Tribe catalyst in the ’90s returns for pennant race
CLEVELAND — It was a Lorain County lovefest at Jacobs Field on Friday night and Cleveland’s “new” player — outfielder Kenny Lofton — was the beneficiary of all the warmth.
Lofton, whom the Indians acquired in a trade with the Texas Rangers earlier in the day, is back for his third stint with the Indians. He also played for Cleveland from 1992-96 and from 1998-’01.
“It’s nice to see one of the old crew come back,” Avon Lake’s Rhonda Kimmel said. “He might be in kind of a captain-type situation where he’s showing the younger guys the ropes. Especially in situations like stealing and bunting, which are things we’ve needed to work on.”
Lofton, 40, is the Indians all-time leader in stolen bases with 450. He led the league in steals for five straight seasons between 1992 and 1996, stealing a career-high 75 in 1996.
“Speed on the bases,” said the Avon foursome of Eric Bergen, Gary LaSalla, Bob Olds and Mike Grujean in unison.
“You have several speedsters to lead off now,” Olds said. “Plus you have Barfield at No. 9, so there’s a lot of fast guys in a row there.”
Speed wasn’t the only thing that made the Indians target the veteran.
The club liked the idea of having another left-handed batter in the lineup, knew Lofton’s experience would help on the field and in the clubhouse, and knew the Rangers weren’t asking for too much to get him.
“I like (the trade),” said Steve Kimmel, Rhonda’s husband. “It’s good experience with the bat, maybe change up the lineup a little bit, and they didn’t have to give a whole lot to get him.”
The Rangers received Max Ramirez, the Single-A Kinston catcher the Indians acquired on July 20, 2006, from the Atlanta Braves for closer Bob Wickman.
Age hasn’t seemed to slow down Lofton at the plate. He came to Cleveland batting .303 with 16 doubles, three triples and seven home runs in 84 games with the Rangers. He ranks eighth in the American League with 21 stolen bases.
“He’s hitting the ball well, and that’s what we need,” said Grafton’s Greg Baker. “I’m interested to watch him in the field. I hope he still has his legs. All I know is that I can’t do that stuff, and I’m 42.”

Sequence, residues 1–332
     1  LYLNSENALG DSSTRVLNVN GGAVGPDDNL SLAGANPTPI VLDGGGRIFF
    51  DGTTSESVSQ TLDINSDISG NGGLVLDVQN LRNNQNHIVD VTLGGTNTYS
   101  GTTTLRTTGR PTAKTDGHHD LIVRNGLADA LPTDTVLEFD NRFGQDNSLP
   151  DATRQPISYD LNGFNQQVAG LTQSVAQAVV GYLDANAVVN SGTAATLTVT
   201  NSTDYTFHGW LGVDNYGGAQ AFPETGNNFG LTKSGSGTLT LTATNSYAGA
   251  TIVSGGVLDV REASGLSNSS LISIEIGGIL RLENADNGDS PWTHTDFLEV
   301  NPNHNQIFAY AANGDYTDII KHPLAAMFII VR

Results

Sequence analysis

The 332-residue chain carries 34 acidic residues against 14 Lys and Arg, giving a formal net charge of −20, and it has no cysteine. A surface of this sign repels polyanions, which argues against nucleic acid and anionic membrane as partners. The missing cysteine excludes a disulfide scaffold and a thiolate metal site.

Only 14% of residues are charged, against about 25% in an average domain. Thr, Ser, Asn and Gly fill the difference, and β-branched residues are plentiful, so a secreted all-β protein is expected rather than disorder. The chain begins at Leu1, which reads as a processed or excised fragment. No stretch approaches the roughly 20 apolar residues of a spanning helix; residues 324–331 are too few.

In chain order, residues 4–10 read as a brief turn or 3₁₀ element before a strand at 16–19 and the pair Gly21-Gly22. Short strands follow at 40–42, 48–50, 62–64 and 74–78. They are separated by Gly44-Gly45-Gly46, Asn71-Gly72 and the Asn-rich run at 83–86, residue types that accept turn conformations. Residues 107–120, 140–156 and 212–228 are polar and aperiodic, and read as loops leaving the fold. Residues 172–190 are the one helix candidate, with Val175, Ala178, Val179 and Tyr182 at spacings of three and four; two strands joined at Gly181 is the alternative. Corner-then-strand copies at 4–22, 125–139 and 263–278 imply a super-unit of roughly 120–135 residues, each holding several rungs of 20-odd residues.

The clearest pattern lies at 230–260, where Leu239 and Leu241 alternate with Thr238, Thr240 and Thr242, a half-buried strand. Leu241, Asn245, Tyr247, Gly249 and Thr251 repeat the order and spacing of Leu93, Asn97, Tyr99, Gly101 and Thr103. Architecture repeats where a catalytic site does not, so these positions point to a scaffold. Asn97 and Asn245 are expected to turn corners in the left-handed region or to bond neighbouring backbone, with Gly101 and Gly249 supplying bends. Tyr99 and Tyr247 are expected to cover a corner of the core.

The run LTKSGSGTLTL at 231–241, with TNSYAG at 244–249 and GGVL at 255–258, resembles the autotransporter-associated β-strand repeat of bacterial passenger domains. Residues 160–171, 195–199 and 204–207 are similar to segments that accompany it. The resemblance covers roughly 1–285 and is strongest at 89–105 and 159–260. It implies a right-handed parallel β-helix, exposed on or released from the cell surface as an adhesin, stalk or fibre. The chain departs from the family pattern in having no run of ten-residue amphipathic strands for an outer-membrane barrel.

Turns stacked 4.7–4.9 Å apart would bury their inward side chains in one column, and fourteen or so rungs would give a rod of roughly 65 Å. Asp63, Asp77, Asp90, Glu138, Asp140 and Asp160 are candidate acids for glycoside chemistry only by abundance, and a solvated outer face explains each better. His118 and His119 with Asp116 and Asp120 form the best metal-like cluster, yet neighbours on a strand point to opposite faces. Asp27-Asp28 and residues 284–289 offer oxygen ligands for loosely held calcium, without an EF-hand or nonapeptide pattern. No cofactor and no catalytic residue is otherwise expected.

Besides the good deal the Indians got, the speed and the left-handed bat, there’s another reason that Indians fans are so excited to have Lofton back in an Indians uniform — he simply knows how to win.
The 19-year veteran has appeared in the playoffs in 10 of his last 14 seasons and could do it again this season with the Indians.
“He wants a ring,” said Grujean. “He’s an athlete that wants a ring.”
The fans want to see Lofton and the Indians get a ring this season, but Friday night was all about Lofton getting a rousing reception.
The fans cheered as a video of Lofton’s great outfield plays was shown before the game. They roared when his face popped up on the Jumbotron during the presentation of the starting lineup, and they gave him a standing ovation when he snagged Minnesota catcher Joe Mauer’s fly ball in the top of the first. They grew in intensity until Lofton tipped his batting helmet to the crowd before his first at-bat a few minutes later.
“It’ll be a huge reaction (from the crowd) tonight,” Bergen said. “That’s why we got here when we did, so we could see it.”
Contact Shaun Bennett at 329-7137 or firstname.lastname@example.org.
THE LOFTON FILE
Years in majors: 19
– Led American League in stolen bases as an Indian from 1992 to 1996
– Is Indians’ career leader in stolen bases.
– Played for Indians from 1992-96 and 1998-’01
– Career batting average of .300
JASON MILLER / CHRONICLE PHOTOS
Indians outfielder Kenny Lofton doffs his helmet to the fans at Jacobs Field before his first at-bat against the Minnesota Twins on Friday.